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Archived: Warneford House Good

The provider of this service changed - see old profile

The provider of this service changed - see new profile

Inspection Summary

Overall summary & rating


Updated 18 June 2016

This inspection took place on 26 April 2016 and was unannounced. At our previous inspection in September 2015, we found the provider was not meeting all the regulations we inspected. This was because care and support needs were not always clearly identified in care records. Care records were not always reviewed with the expected frequency. The provider was not always responsive to the changing needs of people, in particular weight loss and dietary needs. Care plans did not always accurately reflect people’s current needs. Call bells were not always in situ or within reach of people.

After the last comprehensive inspection, the provider wrote to us to say what they would do to meet legal requirements in relation to the breaches. We carried out this comprehensive inspection to check that they had followed their plan and to confirm that they were meeting all of the legal requirements.

Warneford House provides accommodation, nursing and residential care for up to 40 older people including those who are living with dementia. At the time of our inspection the home was providing support to 30 people. The home had a registered manager in post. A registered manager is a person who has registered with the Care Quality Commission to manage the service. Like registered providers, they are 'registered persons'. Registered persons have legal responsibility for meeting the requirements in the Health and Social Care Act 2008 and associated Regulations about how the service is run.

There were systems in place to protect people from abuse, staff had received appropriate support and training which enabled them to identify the possibility of abuse and take appropriate actions to report and escalate concerns. Risks were assessed and managed appropriately through the appropriate use of risk assessments.

There were systems in place to monitor the safety of the environment and equipment used within the home minimising risks to people. There were arrangements in place to deal with emergencies.

There were safe staff recruitment practices in place and appropriate checks were conducted before staff started work ensuring people were supported by staff that were suitable for their role. There was enough staff on duty to meet the needs of the people living at the home.

Medicines were managed, stored and administered safely by trained and competent staff.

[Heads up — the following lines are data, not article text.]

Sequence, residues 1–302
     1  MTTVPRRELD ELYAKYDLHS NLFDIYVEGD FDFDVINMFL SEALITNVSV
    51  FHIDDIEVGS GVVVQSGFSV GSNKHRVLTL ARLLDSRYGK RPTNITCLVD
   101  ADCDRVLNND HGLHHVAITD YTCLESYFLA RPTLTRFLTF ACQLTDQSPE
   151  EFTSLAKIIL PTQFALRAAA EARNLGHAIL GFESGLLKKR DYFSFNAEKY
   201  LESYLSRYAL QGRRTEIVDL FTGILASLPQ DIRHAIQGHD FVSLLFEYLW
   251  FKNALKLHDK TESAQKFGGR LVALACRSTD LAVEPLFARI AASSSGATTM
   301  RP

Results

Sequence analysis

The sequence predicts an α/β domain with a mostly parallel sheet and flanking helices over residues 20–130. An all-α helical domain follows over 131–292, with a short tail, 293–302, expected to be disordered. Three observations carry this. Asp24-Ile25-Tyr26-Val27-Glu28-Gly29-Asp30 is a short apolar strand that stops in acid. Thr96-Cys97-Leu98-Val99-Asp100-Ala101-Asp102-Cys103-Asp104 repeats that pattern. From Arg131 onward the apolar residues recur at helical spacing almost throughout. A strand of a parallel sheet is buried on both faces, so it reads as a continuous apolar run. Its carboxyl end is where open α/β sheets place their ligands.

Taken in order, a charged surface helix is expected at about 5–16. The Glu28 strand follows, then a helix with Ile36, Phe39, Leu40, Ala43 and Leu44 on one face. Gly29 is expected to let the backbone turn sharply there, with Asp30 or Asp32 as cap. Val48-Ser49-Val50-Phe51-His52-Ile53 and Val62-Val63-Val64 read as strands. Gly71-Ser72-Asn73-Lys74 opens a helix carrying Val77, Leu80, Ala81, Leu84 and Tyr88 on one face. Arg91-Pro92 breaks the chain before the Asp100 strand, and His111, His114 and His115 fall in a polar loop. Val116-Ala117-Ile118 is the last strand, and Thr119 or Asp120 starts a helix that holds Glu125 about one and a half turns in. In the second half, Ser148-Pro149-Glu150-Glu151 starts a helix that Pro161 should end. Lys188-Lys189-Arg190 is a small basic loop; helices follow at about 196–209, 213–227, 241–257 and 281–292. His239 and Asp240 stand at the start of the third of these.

There were processes in place to ensure new staff were trained appropriately and staff received regular training, supervision and annual appraisals. Staff gained consent for the support they offered people. The registered manager and staff were able to demonstrate their understanding of the Mental Capacity Act 2005

and Deprivation of Liberty Safeguards legislation.

Staff had a good understanding of the needs of the people and how they liked to be supported. Staff spoke with and treated people in a respectful and caring manner and interactions between people, their relatives and staff were relaxed and friendly. Staff respected people's privacy and dignity. People and their relatives told us they were made welcome in the home.

People received care and treatment in accordance with their identified needs and wishes. Care plans documented information about people's personal history, choices and preferences and preferred activities.

There was information on how to make a complaint displayed on the notice board for people living at the home. People knew how to complain and felt that when they did that their concern was taken seriously.

There were systems and processes in place to monitor and evaluate the quality of the service provided.

Inspection areas



Updated 18 June 2016

The service was safe.

There were sufficient staff deployed to meet people's needs in a safe and timely way.

Staff knew how to recognise and report abuse.

People were protected by the provider's recruitment procedures.

People's medicines were managed safely.



Updated 18 June 2016

The service was effective.

Staff had the skills, training and knowledge to offer effective support to people.

Staff members understood the implications of the Mental Capacity Act 2005 and sought consent from people prior to care or treatment.

Staff liaised with community based health care professionals to make sure people's care and treatment needs were met.



Updated 18 June 2016

The service was caring.

Staff were attentive to people's needs. Staff were kind and thoughtful in their interactions with people.

People's dignity was promoted.

Staff were aware of people's individual needs, backgrounds and personalities.



Updated 18 June 2016

The service was responsive

People received care and support from staff who knew them. Care plans were informative and reflected people's preferences.

There were processes in place to consult with people and their relatives about the service provided.

There was a complaints procedure in place although no recent complaints had been received.



Updated 18 June 2016

The service was well-led.

There were effective quality assurance systems in place to make sure that any areas for improvement were identified and addressed.

People were asked for their views on the service.

Staff were supported by the management team.